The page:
Treaty-shopping is about to get more expensive

Treasure island

MBIZA, A BUSINESS that grows berries in Zambia and South Africa, and Niel Finance and Services, which owns the Central African Republic’s largest mobile firm, would seem to have little in common. But both have headquarters in Mauritius, an island of 1.2m people 2,000km off the mainland. The country, which tops the World Bank’s “ease of doing business” ranking for sub-Saharan Africa, has a robust legal system and amenities that make it an attractive place to set up shop. Perhaps a bigger draw, though, is a 15% corporate-tax rate, falling to as little as 3% on foreign income.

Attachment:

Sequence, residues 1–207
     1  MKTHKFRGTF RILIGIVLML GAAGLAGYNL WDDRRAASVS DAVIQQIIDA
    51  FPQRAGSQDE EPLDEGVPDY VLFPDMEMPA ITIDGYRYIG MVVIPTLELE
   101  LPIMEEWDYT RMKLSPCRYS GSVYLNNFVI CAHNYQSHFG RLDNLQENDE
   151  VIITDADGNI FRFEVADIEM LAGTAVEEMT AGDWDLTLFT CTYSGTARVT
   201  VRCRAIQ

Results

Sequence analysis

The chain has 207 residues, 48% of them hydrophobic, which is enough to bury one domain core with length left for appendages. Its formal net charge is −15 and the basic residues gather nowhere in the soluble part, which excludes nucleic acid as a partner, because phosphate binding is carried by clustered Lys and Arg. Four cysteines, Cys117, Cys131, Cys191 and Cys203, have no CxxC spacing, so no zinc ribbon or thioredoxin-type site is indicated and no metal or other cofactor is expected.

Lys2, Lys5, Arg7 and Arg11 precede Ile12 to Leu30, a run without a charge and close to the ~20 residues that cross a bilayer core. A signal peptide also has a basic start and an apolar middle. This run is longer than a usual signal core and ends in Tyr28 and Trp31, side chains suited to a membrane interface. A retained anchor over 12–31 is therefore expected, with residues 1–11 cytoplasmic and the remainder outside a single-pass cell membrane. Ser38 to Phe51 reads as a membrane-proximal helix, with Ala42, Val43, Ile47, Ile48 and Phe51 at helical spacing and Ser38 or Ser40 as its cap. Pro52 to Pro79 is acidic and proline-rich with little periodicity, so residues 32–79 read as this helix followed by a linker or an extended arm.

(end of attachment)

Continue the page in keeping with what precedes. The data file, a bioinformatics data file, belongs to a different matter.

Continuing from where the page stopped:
Mauritius also boasts an extensive tax-treaty network with many sub-Saharan African countries. It has ratified 15 since 1992; only South Africa arranged more over the period. Twelve more are in the works. Double-taxation treaties (DTTs) specify the rate applied by source countries on cross-border income, such as...



via The Economist: Finance and economics Business Feeds

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